[ Disney Vacation Planner
HONG KONG, Nov 2 (Reuters) - Hong Kong and The Walt
Disney Company announced a multi-billion-dollar deal on Tuesday
to build a theme park and resort complex in this special administrative
region of China, the third Disneyland outside the United States.
Hong Kong leader Tung Chee-hwa, flanked by Mickey
and Minnie Mouse, said the new theme park and resort would add
some magic to the city's image and boost its economy after two
years of hardship.
"This world class development will mark the beginning
of a new era for Hong Kong," he told reporters.
But analysts questioned whether Tung had paid too
much, with the government investing HK$22.45 billion (US$2.9 billion)
in the Disney park and accompanying infrastructure.
Disney, by contrast, will invest HK$2.45 billion,
or a tenth of the government layout. Their new joint venture company,
Hong Kong International Theme Parks Ltd, will raise an additional
HK$2.3 billion in commercial loans for the project.
The deal drew criticism that the government, instead
of private investors, was taking a lead role in the economy. Hong
Kong officials said the government could sell part of its holding
from a year after the park opens in 2005.
TUNG PUTS FOCUS ON POSITIVE
But with Mickey and Minnie waving happily at his
side, Tung brushed asided hostile questions and focused on what
it meant for Hong Kong, which saw its economy contract by 5.1
percent in 1998.
"Hong Kong Disneyland will be a key strategic infrastructure
component in the renewed and reinvigorated push to strengthen
and consolidate Hong Kong's position as a must-see tourism destination,"
With Hong Kong's 6.1 percent unemployment rate near
record levels, Tung stressed the job creation that would come
with the mega-project at Penny's Bay on Lantau Island, minutes
from the new international airport.
The park would create 6,000 jobs during construction,
18,000 at the opening and 35,000 over a 20-year period. A further
10,000 jobs are expected to be created by land reclamation projects
and associated works funded by the government, he said.
ANALYSTS QUESTION COST TO HONG KONG
Hong Kong will invest HK$3.25 billion in the joint
venture company for a 57 percent equity share, but Disney will
have management control over the theme park.
"If you look at a 20-year horizon, it's probably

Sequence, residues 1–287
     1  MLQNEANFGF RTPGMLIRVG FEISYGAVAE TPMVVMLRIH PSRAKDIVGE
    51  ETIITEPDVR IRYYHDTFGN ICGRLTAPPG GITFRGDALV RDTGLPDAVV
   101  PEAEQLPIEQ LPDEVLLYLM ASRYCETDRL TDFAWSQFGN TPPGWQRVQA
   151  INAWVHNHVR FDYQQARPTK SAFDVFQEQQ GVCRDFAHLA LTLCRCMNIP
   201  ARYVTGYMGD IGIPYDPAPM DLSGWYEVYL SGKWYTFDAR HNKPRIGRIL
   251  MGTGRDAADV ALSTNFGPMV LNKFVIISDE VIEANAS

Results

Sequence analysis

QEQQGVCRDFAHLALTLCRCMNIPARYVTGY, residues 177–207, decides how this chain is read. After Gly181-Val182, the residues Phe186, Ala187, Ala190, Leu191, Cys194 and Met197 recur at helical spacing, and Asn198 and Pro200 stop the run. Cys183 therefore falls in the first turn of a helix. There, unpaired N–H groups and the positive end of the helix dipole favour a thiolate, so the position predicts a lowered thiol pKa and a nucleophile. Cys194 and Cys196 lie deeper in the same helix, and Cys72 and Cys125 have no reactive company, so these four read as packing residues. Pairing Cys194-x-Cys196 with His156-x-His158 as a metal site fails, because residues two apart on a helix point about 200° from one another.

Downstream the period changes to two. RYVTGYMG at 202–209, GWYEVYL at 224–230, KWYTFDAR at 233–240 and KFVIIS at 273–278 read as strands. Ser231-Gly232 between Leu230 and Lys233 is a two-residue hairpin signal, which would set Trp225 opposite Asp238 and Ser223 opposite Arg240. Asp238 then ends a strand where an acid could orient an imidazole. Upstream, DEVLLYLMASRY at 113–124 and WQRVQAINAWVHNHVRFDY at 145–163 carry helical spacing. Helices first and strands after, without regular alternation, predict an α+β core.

not a bad deal assuming the government's equity stake can be sold
off at a reasonable price," said David O'Rear, regional economist,
the Economist Conferences.
"What concerns me is that the project could not be
done on a strictly private basis," he said, with some government
incentives such as concessionary land prices, tax breaks or infrastructure.
"Actually to have to take an equity stake in the
project suggests there was not sufficient private enterprise support
for it to go ahead," he added.
Other analysts said the government was enchanted
by the idea of the magical Disney name to boost Hong Kong's image.
"This project is not a cheap project, but the thing
we need to consider is that we are buying a brand name product
to help Hong Kong to strengthen our tourist status in the Asia
Pacific region," said Shamus Mok, chief economist with Bank of
"You have to look at the spillover effect," he said.
"From that point of view it is a social investment. It will strengthen
us as a tourist centre."
Several analysts said it was a question of short
term versus long term, and of a good deal for Hong Kong versus
a very good deal for Disney.
"Disney is potentially getting a very good deal.
They're only putting in a fraction of the cost and they can claim
a lot of that back in licence fees and royalties," Howard Gorges,
director of South China Securities, said.
DISNEY SAYS IT LEARNED FROM OTHER PROJECTS
Hong Kong will be Disney's third park outside the
United States, after Tokyo and Paris. It has parks in California
Disney officials said they had learned from bumpy
starts in France and Japan, and would apply these lessons to Hong
Kong, especially to open smaller and then grow as demand rises.
"We have very conservatively targeted the attendance
in the five-million range (a year) and planned for, with the government,
the ability to add attractions and capacity in the years ahead,"
said Judson Green, chairman of Walt Disney Attractions.
Green told reporters depending on performance, the
Hong Kong Disneyland's capacity could grow to 10 million or more
(US$1 = HK$7.77)